Where do all the Socks go? - 3 Theories

Where do all the Socks go? - 3 Theories

We’re great believers in answering customer questions. In fact we extensively research exactly what is being asked so we can better help our customers understand the fabrics and processes that go into the products we sell.

The reason is simple - the more informed you are the easier it is for you to choose the product that’s right for you.

One of the most common search terms NZ Natural Clothing shows up for is ‘where do all the socks go?’

It costs the average hard working, sock wearing Kiwi a little under $5,000 during the course of a lifetime to replace missing socks so as the question is being asked we thought we’d put forward our 3 favourite theories doing the rounds to address what appears to be a pressing issue for so many people around the world.

Theory 1 - Wormholes in Space

Wormholes - for the non-science fiction fans is a passage through space-time that could create shortcuts for long journeys across the universe. The really crazy thing is that wormholes are theoretically possible under the laws of general relativity.

The late - and very great - Douglas Adams theorised in his book The Hitchhiker's Guide to the Galaxy that biros slipped through wormholes - presumably in the linings of sofas, suit pockets and bags - only to arrive on a planet where they could live the bi-roid equivalent of the good life.

This got us thinking that similar tears in time and space could well exist in the seals of washing machines and the linings of laundry baskets.

This would allow those malcontent socks - and even the odd stocking - dissatisfied with their life of sweaty feet and uncomfortable shoes to start quite literally afresh.

Socks and hosiery alike would be able to live a life free from the threat of athlete’s foot, being turned into sock bunnies for the amusement of small sticky children or worn over someone’s head during a bank robbery.

Which - unless the sock is made from Merino wool, it doesn’t sound entirely unreasonable.

Theory 2 - The Eater of Socks

Eaters of socks include gnomes, elves and goblins, depending on which website you visit.

Depending on which site you land on sock gnomes and sock goblins appear to locked in some form of internecine war. Although sites differ on who the villains are.

The majority of sites we found suggest that the sock gnomes are small creatures who steal your socks while you sleep - but of sock goblins, rather unusually, attempt to thwart the gnomes by systematically replacing all the socks the gnomes have taken.

Although one has to ask the question - where are the sock goblins getting their socks from? I suspect this isn’t something that should be overthought.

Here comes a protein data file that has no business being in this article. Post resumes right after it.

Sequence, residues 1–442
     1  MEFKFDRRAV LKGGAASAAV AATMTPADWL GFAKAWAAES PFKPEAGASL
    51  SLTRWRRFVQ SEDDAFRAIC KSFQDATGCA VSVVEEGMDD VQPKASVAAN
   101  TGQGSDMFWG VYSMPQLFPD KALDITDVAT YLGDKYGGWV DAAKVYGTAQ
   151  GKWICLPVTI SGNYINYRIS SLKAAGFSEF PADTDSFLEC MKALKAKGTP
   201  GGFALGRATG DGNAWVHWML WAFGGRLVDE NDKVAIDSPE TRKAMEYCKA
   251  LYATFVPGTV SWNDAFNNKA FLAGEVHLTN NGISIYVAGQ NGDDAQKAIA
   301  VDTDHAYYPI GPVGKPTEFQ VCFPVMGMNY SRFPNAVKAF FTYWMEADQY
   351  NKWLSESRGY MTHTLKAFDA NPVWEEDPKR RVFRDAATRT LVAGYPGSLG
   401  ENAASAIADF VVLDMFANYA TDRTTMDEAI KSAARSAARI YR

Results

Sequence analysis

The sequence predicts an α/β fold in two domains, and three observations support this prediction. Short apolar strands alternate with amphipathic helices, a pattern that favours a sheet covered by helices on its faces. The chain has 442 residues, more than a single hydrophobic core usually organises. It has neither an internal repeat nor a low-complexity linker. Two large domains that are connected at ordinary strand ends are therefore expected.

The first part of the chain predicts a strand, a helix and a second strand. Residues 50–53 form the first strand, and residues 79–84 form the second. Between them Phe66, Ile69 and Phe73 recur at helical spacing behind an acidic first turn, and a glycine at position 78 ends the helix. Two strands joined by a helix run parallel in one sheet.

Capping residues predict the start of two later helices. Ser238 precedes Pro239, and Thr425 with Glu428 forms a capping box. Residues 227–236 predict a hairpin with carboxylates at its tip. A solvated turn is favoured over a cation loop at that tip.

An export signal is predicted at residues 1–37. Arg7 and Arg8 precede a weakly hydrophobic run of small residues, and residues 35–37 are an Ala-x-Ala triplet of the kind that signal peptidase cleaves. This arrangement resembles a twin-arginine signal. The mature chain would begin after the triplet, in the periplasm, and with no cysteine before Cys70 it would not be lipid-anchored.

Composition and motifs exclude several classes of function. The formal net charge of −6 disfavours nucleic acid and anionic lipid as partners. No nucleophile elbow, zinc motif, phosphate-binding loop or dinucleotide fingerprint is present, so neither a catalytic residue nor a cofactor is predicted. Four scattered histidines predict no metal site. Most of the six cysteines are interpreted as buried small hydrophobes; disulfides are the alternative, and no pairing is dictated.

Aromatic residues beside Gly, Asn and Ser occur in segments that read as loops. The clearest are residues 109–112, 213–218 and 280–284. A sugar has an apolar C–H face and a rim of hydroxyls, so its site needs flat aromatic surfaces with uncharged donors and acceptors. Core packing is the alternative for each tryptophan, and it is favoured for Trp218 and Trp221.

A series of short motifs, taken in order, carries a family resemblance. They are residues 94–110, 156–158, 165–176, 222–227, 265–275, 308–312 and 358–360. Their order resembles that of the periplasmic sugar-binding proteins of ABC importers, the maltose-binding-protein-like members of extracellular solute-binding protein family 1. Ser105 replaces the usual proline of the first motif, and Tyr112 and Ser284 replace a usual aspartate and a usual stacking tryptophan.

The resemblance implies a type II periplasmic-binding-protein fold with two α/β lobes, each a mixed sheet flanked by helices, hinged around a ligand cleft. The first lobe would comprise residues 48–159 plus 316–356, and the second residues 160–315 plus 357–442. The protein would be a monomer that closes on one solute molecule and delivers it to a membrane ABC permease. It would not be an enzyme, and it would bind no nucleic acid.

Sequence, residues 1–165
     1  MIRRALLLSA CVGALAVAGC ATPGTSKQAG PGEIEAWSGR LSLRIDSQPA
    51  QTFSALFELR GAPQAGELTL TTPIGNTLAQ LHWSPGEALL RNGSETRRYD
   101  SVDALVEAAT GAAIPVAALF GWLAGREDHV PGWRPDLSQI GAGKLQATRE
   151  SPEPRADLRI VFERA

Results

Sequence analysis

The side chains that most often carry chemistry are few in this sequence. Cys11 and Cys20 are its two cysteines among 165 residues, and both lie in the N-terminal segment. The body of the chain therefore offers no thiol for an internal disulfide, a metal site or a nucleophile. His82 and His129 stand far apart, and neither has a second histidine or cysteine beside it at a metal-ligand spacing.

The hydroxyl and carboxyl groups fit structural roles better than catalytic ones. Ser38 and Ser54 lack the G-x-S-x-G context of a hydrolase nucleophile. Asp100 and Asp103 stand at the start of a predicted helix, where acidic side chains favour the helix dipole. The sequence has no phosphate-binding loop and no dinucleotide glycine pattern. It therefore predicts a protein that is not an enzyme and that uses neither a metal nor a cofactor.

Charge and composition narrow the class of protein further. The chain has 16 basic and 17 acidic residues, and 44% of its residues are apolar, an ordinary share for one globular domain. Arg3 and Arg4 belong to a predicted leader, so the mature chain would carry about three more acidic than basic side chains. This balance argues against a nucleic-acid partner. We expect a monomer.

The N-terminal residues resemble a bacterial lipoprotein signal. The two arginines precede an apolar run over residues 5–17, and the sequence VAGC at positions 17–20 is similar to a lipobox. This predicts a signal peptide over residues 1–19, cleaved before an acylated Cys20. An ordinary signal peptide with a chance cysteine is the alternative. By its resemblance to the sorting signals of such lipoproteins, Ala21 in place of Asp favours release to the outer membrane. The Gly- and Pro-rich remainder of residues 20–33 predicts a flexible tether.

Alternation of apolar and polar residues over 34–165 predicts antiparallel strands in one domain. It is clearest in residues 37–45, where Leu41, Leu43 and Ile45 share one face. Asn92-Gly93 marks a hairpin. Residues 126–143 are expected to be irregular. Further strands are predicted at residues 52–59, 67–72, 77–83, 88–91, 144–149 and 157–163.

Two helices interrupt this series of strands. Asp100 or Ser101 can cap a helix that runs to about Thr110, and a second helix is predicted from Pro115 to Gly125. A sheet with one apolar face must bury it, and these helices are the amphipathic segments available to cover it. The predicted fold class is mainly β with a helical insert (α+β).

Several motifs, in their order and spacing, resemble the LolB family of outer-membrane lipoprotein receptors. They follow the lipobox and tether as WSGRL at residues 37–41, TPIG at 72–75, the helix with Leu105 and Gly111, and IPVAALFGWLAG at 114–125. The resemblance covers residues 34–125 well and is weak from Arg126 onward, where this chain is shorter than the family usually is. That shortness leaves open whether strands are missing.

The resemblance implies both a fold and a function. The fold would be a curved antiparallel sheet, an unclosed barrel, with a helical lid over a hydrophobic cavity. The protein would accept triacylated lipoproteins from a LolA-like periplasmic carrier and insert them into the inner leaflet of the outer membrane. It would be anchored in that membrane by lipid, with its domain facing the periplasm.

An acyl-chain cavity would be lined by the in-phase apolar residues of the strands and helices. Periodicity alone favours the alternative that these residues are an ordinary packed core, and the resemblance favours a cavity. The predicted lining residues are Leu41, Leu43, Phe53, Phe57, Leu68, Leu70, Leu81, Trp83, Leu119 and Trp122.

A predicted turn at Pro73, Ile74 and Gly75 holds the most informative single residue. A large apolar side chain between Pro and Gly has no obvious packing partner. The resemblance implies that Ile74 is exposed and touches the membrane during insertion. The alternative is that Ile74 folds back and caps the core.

There’s also the actual Eater of Socks conjured up by another late and great British writer: Terry Pratchett.

In his Dicworld novel The Hogfather he wrote about the Eater of Socks, a small elephant like creature with a flat trunk that roamed unguarded laundry rooms sucking up any sock it could find.

We’re not sure which is worse - the fact that we considered this as a theory or that there was so much information available in the first place.

It says a lot when tiny rips in the fabric of reality is the more plausible of the theories thus far.

Theory 3 - Revenge

There’s every chance that your partner is just simply trying to settle a score or drive you mad.

According to research a very meagre 25% of men actively do the laundry in heterosexual relationships. Which means hundreds of millions of men around the globe are leaving their dearly beloveds to wash their dirty underpants.

It really is of little surprise to learn that a recurring theory is that the socks aren’t missing at all, just simply being thrown out as a small act of revenge by the long suffering girlfriends and wives of men too lazy to wash their own sweaty socks.

This not only seems entirely plausible but disproportionate punishment considering the crime.

Anyone, not just women, would undoubtedly get tired of doing someone else’s laundry week in, week out. Especially when that other person is entirely capable but is just being bone idle.

This isn’t taking into account any laundry produced by children, which significantly increases load and effort and making the help provided by that 75% even worse.

We do have to acknowledge that every household is different and there are relationships where the chores are divided up evenly and the statistics don’t represent those boyfriends and husbands who contribute in other ways.

But on the surface of it, that’s pretty poor.

The Facts

Of course these are just theories. Some pretty far out theories at that.

However in our search for the weird and the implausible we did stumble across something entirely more useful.

Here are some far more likely, engineering and/or science based solutions for where the socks go.

  1. The rogue sock didn’t go in the wash to begin with. It’s either lurking at the bottom of the hamper or was dropped en route.
  2. The sock got swept into the gap around the washing machine’s agitator.
  3. It got stuck in the dryer filter or vent
  4. The sock gets stuck between the tub and drum - before eventually working their way down into the soil pipe and get washed away.
  5. The sock worked its way into another item of clothing or into bedding such as a duvet cover.

We can’t help but think that if a few more people invested in the finest Merino wool socks that socks wouldn’t be victim of disgruntled wives or become disgruntled themselves. Because they’re just too good.

Merino wool socks aren’t just a great investment for comfort, odour resistance and durability but a powerful motivator to get more men doing their own laundry.

For more information about our range of revenge proof* Merino wool socks click here.

*may not actually be revenge proof